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Mahler Festival Leipzig: Gergiev - LSO - First Symphony

The Leipzig Mahler Festival is not just a musical success, it also seems to be working out quite nicely economically for the Gewandhaus, which organizes and hosts this 14-day Mahler-hoopla. Even so, the 1900-seat large, modern hall[1] showed a surprising amount of empty seats, every night. That the first sold out night would feature the artistic nadir might be considered ironic.

Name recognition is a better draw than insider tips, naturally, and so it wasn’t the BRSO and Yannick Nezét-Séguin (still largely unknown among regular concert-going folk in Europe) that played to a sold out house, but Valery Gergiev (a house hold name everywhere) and the famous Symphony Orchestra from London that had droves of people hold up rickety signs with “Ticket sought” drawn on them in their hopeful hands on the plaza before the Gewandhaus Hall.

available at Amazon
G.Mahler, Symphony No.5,
Gergiev / LSO
LSO Live

available at Amazon
G.Mahler, Symphony No.1,
O.Suitner / Staatkapelle Dresden
Berlin Classics/Eterna

My feelings approaching the concert were less enthusiastic. I know from my last visit that the LSO can achieve wonderful things, even in Mahler and with Gergiev (their concert and subsequent recording of Mahler’s Fifth was and is very successful; their Romeo & Juliet terrific)… but by and large I found the combination lacking… including most of the rest of their Mahler cycle. Working of exhaust-fumes, which is what being conducted by Gergiev seems to involve more often than not, isn’t always enough for great music-making.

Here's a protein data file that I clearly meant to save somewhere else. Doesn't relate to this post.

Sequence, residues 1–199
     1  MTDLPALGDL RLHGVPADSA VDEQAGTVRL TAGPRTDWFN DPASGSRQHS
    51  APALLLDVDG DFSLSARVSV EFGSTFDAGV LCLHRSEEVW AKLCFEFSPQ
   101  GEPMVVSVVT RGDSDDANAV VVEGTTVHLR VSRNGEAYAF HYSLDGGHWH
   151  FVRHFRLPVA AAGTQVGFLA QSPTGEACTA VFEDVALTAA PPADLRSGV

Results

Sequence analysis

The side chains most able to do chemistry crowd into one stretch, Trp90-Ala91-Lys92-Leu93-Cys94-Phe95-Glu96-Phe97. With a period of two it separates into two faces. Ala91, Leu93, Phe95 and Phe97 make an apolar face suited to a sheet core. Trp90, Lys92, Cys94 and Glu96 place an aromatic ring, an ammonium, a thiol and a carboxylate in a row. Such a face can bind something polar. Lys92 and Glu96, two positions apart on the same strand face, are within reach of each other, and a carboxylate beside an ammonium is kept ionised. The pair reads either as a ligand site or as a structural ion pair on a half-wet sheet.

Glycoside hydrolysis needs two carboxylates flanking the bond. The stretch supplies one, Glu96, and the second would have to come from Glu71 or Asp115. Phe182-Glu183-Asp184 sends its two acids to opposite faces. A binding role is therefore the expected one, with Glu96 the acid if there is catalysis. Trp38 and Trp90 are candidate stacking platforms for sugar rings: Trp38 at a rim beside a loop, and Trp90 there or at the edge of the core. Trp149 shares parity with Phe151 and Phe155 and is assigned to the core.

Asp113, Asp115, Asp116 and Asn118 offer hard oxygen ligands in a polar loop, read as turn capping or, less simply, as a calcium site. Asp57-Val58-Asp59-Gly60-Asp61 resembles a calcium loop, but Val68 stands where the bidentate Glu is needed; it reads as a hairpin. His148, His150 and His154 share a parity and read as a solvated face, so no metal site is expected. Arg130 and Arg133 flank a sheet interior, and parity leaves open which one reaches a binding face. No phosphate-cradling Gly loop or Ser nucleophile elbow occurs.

The First Symphony and the Adagio from the Tenth as Mahler-stocking-stuffer were on the program. Would the Adagio in isolation get the additional attention that might lift it above the level of intensity the same movement might pervade as part of the entire Tenth? Certainly the Totenfeier under Luisi from earlier that day seemed to suggest the possibility. The answer, in the negative, was fairly clear, fairly soon. Episodic, meager, slow, with beautiful but sadly disconnected transitions, messy, non-committal as if hurriedly brushed aside: the whole Adagio was a big misunderstanding; a throw-away, a waste of time and energy.

Mahler’s First Symphony was better of course, but not necessarily good. The opening pedal point, the third in succession of famous toneless, hovering Ur-openings (Beethoven’s Ninth, Rheingold), was steady and notable for its restraint in the strings. The first outbursts were a little stiff at the hip, and—true for the entire work—with very little Ländler-lilt. Among the rare highlights were the impressively unisono Frère Jacques (played by the basses in tutti with just the right amount of dread) and the shrill frenzy in the fourth movement that recalled the shrieks from the 10th Symphony. But the brass was particularly sallow and mishap-prone, the brass chorale in the finale rushed, and the louder it got the emptier it seemed, just as in the (hollow) relentlessness of the finale of the first movement. The majority of the audience, of a notably different makeup than on the nights before (the See-And-Be-Seen crowd was out in full force), would probably have disagreed with that assessment: The standing ovations were instant and lasting. It went to show, if nothing else, that loud does equal impressive, and that composers and conductors alike know how to win a race on the homestretch.

[1] Like so many halls in the late 70s or early 80s very clearly based on Hans Scharoun’s Berliner Philharmonie, in this case also with excellent acoustics.